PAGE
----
Business development company Ares Capital Corporation (NASDAQ:ARCC) wasted no time bringing up the subject of acquisitions on its most recent conference call. The company's CEO, Kipp de Veer, used his prepared remarks to open the stage for a discussion on the potential for Ares Capital to acquire a smaller competitor.
It's somewhat odd. De Veer, who called acquisitions of BDCs a "mess" at the company's 2015 analyst day, may have had a change of heart. It could have to do with the emergence of an easy target. American Capital (NASDAQ:ACAS), the third largest BDC by assets, has seemingly accepted its fate as a discount store for other investment funds.
In a January press release, American Capital announced interest in shopping its assets to the highest bidder after years of planning for a spin-off of its asset-management business. Selling out wasn't exactly American Capital's ideal plan -- it took some prodding from activists -- but it appears that closure for its investors is near. With just under $5 billion of investment assets on its balance sheet, there's more than enough to go around.
The only problem for discounted sellers is that potential buyers are dealing with similar discounts. Save for the blessed few, most have little borrowing capacity and are light on cash. Furthermore, the median BDC trades at about an 18% discount to book value, which limits the attraction for would-be acquirers.
Ares Capital's acquisition discussion was interestingly timed, happening just before it mailed out proxy materials to its shareholders. Ares Capital is asking its shareholders for approval to issue stock at prices below its last-reported book value, a gift that would enable Ares to trade its discounted stock for slightly more discounted assets from other BDCs.
FS Investment Corp. (NYSE:FSIC) is also on the list as a potential acquirer, given that its shares trade at exactly book value. When asked about its interest in acquiring assets from another BDC, FS Investment's president, Jerry Stahlecker, noted the scale of its platform, the fact that it has private BDCs that are raising money, and that it doesn't really need to grow. He may have just been playing friendly, downplaying any interest as the combined $15.7 billion balance sheet of the FS entities makes it an easy acquirer. A trophy kill could be sliced and diced, shared between its spider web of BDCs.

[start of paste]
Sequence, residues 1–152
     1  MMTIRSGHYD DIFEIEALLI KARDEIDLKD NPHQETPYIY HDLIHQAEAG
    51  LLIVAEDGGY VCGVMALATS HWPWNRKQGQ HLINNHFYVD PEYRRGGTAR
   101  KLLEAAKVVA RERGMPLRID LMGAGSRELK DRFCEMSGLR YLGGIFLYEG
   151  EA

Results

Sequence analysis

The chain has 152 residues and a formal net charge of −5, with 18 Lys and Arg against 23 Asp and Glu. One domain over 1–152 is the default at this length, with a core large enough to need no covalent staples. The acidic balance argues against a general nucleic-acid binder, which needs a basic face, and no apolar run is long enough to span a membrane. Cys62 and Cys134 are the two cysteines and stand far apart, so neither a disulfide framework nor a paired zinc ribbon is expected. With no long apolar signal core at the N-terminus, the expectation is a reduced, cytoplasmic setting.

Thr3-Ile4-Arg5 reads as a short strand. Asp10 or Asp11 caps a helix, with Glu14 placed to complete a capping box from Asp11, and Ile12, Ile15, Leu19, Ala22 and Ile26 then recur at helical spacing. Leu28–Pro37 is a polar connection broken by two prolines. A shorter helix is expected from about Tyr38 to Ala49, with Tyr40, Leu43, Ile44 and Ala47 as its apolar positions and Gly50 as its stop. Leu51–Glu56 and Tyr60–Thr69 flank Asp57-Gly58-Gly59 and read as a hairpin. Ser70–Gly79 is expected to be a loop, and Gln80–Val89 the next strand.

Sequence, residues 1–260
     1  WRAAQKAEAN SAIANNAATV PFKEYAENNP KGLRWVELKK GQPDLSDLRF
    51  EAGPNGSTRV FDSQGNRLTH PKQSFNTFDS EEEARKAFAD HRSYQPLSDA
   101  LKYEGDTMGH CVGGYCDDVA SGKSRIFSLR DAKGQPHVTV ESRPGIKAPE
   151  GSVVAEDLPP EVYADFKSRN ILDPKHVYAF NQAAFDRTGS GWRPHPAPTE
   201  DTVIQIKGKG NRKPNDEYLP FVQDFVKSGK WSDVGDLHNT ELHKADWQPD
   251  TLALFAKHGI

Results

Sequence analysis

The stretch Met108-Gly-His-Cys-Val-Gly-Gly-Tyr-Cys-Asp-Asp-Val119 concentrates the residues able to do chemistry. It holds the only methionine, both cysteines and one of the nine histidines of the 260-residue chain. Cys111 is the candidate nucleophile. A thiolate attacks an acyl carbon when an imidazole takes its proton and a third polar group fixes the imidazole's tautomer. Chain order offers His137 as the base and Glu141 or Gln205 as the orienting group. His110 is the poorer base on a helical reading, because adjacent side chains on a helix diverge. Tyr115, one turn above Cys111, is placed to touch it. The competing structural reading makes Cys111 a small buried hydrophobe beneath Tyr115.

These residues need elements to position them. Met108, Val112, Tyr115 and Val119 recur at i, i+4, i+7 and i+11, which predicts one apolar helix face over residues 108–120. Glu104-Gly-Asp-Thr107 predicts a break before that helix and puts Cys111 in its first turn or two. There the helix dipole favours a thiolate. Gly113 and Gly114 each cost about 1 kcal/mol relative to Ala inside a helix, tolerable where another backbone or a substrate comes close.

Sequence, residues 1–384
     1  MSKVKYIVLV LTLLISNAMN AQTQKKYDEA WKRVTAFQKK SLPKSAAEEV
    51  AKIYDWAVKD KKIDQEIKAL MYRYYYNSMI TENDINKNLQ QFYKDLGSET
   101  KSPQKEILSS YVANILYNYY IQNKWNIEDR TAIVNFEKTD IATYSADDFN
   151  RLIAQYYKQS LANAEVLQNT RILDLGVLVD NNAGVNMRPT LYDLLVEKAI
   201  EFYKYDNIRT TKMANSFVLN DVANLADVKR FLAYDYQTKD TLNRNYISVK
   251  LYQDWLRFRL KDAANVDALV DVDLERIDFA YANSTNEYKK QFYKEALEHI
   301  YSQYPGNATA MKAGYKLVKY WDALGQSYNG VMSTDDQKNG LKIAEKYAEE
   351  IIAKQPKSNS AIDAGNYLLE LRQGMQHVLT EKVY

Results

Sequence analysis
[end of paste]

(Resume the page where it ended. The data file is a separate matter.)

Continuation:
I, for one, tend to think consolidation would be a good thing. Fewer, larger BDCs are better than many smaller, less efficient BDCs. The advantages of scale don't appear to kick in until a company reaches about $1.5 billion in assets -- the point at which a company starts getting a look for an investment-grade rating and fixed expenses are spread among a sufficiently large asset base. The hard part is convincing a rival's management team that they're better off jobless, and the assets are better off in your hands.
Jordan Wathen has no position in any stocks mentioned. The Motley Fool has no position in any of the stocks mentioned. Try any of our Foolish newsletter services free for 30 days. We Fools may not all hold the same opinions, but we all believe that considering a diverse range of insights makes us better investors. The Motley Fool has a disclosure policy.
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